Via The Atlantic video, via Youtube:
Adam Garfinkle at The American Interest: ‘If I Forget Thee, O Jerusalem? Not A Chance‘
‘…Pretentions of Iranian regional hegemonism have altered Arab state calculations at a time when faith in U.S. protection has waned. Especially if Israeli power can be concorded with Sunni Arab efforts to thwart Iran, selling out the Palestinians would be a small price to pay for that benefit, especially if it could be made to look like something other than a sell-out. And here we have the origin of the aforementioned strangeness.’
Radical campus chic meets a taste of reality. From the Harvard Crimson, a graduating student reminds of the horrors of Communist ideology, shared from her family’s personal experience:
‘Many in my generation have blurred the reality of communism with the illusion of utopia. I never had that luxury. Growing up, my understanding of communism was personalized; I could see its lasting impact in the faces of my family members telling stories of their past. My perspective toward the ideology is radically different because I know the people who survived it; my relatives continue to wonder about their friends who did not’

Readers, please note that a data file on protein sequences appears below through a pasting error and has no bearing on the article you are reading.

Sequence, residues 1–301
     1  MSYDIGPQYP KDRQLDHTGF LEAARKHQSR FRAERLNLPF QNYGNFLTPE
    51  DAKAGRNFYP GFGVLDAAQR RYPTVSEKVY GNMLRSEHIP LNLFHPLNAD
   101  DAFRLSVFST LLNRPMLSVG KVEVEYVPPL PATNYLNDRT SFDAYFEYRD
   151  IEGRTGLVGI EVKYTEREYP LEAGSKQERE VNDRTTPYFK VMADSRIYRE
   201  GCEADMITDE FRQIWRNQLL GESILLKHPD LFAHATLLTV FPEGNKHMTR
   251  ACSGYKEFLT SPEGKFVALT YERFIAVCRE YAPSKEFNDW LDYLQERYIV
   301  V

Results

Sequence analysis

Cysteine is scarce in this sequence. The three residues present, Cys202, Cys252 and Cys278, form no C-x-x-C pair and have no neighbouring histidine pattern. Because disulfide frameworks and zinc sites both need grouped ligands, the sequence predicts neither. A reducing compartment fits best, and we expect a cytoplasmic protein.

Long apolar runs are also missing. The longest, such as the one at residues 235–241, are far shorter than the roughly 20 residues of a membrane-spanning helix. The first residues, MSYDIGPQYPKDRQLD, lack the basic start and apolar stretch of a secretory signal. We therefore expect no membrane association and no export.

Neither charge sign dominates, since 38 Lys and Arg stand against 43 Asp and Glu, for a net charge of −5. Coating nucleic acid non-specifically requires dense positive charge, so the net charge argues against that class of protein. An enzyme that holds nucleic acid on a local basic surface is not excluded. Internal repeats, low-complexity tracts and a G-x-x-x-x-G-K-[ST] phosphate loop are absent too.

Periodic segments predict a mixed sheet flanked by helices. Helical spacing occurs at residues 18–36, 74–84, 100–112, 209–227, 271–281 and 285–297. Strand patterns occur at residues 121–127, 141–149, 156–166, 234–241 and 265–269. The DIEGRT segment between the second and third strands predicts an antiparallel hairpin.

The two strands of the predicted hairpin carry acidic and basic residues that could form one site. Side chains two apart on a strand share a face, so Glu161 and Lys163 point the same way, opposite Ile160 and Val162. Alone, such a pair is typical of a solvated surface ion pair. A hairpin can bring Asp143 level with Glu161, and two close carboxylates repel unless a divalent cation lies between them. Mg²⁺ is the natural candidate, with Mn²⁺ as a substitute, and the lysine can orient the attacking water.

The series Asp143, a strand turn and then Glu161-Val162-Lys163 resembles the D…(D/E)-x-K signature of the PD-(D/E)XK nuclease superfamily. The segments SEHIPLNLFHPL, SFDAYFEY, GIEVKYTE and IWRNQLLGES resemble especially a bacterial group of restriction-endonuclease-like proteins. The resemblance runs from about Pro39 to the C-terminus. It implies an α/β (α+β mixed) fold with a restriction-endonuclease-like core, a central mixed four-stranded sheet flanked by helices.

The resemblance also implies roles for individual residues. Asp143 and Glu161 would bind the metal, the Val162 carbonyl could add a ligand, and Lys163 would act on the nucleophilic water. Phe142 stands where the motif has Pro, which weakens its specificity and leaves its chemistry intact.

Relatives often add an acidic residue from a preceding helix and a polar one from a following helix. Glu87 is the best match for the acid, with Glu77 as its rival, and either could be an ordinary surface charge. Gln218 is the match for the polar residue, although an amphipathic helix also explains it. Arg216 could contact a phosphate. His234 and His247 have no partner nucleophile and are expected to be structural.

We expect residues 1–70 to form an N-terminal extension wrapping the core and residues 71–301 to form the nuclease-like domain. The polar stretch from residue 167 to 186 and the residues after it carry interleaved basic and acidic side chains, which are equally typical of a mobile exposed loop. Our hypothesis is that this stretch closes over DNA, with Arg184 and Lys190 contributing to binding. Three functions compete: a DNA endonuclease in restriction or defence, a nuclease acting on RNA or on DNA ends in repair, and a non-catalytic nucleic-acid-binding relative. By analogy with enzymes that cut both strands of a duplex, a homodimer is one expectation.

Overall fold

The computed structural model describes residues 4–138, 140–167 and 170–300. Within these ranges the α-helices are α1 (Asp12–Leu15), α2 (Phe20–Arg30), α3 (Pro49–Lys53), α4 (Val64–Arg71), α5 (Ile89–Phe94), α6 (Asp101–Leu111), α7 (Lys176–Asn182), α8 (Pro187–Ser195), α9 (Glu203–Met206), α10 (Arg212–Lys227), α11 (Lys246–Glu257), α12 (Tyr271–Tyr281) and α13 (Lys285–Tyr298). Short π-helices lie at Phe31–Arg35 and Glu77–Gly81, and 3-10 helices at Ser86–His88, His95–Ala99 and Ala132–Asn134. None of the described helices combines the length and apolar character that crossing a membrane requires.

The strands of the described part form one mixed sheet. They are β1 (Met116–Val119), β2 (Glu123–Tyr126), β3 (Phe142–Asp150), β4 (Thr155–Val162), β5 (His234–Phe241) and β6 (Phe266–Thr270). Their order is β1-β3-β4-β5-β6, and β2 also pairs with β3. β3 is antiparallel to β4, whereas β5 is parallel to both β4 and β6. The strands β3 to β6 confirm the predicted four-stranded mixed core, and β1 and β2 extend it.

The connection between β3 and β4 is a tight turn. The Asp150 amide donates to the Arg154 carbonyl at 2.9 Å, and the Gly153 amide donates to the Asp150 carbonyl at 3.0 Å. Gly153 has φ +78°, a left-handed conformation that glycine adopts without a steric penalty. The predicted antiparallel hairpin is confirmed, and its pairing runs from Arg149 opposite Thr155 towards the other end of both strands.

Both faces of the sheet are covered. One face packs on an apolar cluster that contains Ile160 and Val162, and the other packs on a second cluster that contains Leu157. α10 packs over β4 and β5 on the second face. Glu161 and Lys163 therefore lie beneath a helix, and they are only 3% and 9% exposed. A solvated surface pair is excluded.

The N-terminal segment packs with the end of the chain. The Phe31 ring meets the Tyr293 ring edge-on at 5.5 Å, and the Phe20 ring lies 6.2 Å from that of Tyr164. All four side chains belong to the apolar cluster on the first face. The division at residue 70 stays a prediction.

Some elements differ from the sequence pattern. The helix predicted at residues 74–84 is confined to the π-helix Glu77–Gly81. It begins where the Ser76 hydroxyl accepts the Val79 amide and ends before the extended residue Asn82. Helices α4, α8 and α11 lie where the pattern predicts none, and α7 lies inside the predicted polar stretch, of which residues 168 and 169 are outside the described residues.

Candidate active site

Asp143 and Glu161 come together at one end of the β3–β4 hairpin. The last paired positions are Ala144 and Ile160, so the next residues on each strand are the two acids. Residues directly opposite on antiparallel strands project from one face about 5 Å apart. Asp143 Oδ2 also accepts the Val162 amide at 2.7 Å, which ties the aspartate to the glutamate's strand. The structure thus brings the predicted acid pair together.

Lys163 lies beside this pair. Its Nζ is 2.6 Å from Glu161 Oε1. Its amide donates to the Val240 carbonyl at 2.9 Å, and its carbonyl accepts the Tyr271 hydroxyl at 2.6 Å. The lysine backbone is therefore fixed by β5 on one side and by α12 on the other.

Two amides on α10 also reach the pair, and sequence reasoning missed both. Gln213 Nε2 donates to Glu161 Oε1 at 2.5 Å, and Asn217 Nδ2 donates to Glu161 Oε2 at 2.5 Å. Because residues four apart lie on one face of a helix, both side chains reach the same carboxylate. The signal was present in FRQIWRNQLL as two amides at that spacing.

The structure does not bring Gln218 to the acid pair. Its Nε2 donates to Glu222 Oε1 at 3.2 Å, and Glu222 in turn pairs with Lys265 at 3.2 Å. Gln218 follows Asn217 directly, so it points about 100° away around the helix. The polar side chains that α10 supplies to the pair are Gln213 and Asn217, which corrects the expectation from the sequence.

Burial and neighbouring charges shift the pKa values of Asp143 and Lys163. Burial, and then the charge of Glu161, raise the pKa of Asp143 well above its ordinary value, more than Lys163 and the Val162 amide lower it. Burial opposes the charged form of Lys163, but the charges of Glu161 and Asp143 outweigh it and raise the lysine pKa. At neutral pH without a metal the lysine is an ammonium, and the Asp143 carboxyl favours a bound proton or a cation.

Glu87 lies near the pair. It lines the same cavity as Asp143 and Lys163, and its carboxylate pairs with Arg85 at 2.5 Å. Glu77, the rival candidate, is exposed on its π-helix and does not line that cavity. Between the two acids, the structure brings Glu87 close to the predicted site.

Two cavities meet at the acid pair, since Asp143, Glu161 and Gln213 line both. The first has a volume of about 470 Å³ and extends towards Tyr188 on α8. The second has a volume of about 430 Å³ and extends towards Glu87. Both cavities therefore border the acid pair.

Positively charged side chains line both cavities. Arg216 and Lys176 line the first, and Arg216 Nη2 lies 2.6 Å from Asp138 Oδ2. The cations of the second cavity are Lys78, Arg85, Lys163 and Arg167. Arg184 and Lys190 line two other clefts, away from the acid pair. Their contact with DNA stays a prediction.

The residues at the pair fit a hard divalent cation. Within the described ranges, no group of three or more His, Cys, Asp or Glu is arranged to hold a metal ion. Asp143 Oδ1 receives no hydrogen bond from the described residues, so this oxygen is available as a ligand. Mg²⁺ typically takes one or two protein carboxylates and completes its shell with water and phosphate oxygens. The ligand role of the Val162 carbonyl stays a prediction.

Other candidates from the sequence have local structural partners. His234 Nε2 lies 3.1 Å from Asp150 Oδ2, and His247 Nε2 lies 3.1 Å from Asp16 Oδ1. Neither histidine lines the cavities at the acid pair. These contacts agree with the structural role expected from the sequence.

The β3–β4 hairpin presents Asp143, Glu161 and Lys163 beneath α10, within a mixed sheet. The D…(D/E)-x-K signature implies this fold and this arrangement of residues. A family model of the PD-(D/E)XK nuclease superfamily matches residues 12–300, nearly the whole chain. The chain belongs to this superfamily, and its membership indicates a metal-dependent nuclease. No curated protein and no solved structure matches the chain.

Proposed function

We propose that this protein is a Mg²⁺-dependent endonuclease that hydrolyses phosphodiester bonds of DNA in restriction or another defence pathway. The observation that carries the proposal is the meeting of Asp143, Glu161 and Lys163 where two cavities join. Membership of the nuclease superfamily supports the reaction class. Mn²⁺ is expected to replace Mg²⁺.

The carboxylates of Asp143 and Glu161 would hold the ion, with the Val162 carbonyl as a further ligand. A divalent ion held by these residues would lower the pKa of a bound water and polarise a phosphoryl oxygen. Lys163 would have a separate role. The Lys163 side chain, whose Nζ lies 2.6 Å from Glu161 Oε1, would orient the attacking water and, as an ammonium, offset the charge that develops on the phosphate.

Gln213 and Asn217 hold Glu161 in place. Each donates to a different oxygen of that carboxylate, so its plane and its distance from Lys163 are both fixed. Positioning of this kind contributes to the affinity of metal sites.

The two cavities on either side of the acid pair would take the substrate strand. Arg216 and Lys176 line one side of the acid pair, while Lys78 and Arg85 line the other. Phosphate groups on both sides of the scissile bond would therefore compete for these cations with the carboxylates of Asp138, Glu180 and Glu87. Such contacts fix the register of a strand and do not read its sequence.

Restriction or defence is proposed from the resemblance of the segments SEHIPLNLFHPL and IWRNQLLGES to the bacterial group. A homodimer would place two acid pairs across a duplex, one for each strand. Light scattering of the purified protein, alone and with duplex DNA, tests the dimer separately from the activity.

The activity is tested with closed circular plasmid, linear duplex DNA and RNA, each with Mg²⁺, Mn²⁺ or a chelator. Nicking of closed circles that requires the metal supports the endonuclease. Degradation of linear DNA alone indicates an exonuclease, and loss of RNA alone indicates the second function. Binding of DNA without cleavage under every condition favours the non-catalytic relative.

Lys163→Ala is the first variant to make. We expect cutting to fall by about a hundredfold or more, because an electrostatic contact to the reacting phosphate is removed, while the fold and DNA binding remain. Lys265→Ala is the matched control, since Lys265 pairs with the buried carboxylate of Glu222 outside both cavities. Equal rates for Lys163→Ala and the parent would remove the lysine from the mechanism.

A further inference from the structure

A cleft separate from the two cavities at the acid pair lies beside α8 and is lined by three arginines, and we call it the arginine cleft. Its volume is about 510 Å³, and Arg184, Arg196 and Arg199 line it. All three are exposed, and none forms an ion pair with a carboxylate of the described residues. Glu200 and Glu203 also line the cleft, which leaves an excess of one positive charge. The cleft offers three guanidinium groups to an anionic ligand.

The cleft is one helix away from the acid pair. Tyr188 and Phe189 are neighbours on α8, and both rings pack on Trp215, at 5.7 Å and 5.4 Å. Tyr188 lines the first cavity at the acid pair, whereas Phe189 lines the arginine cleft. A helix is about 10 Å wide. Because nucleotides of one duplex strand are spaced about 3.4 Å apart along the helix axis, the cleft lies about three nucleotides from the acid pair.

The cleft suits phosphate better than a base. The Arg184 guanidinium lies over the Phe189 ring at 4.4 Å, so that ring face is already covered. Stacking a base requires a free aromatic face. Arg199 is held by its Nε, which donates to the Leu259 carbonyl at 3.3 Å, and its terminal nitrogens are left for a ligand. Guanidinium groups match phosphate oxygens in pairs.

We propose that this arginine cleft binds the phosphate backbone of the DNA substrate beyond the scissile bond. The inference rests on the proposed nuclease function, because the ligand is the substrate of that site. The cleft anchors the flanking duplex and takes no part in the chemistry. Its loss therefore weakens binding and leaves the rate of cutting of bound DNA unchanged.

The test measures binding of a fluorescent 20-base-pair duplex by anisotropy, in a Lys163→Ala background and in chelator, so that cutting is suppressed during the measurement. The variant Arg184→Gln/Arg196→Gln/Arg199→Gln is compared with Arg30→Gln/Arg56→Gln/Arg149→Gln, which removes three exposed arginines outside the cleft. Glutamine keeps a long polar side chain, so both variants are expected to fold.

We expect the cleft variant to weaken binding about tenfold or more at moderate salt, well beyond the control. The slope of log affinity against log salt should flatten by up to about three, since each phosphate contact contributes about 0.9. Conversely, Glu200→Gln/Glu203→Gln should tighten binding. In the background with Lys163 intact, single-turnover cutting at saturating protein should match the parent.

All of us, I think, are subtly influenced by not only our own direct experiences, especially while young, but often imperceptibly by those around us, consistently, all throughout our lives; people interested in ideas no less than people who use their hands.
‘Dime con quien andas, y te dire quien eres’ is a common Spanish phrase, and I’d even heard it a few times in actual conversation while there: ‘Tell me the company you keep; I’ll tell you who you are’.
Whatever your moral lights, there is much activism and radicalism claiming liberation, but often coming with dangerous, collectivizing and totalizing elements harbored within, shaping the perceptions of the people and institutions wherein it can be found.
If these are the people and ideas left to defend liberty (people to whom Communism is radically chic), we’ve got serious trouble.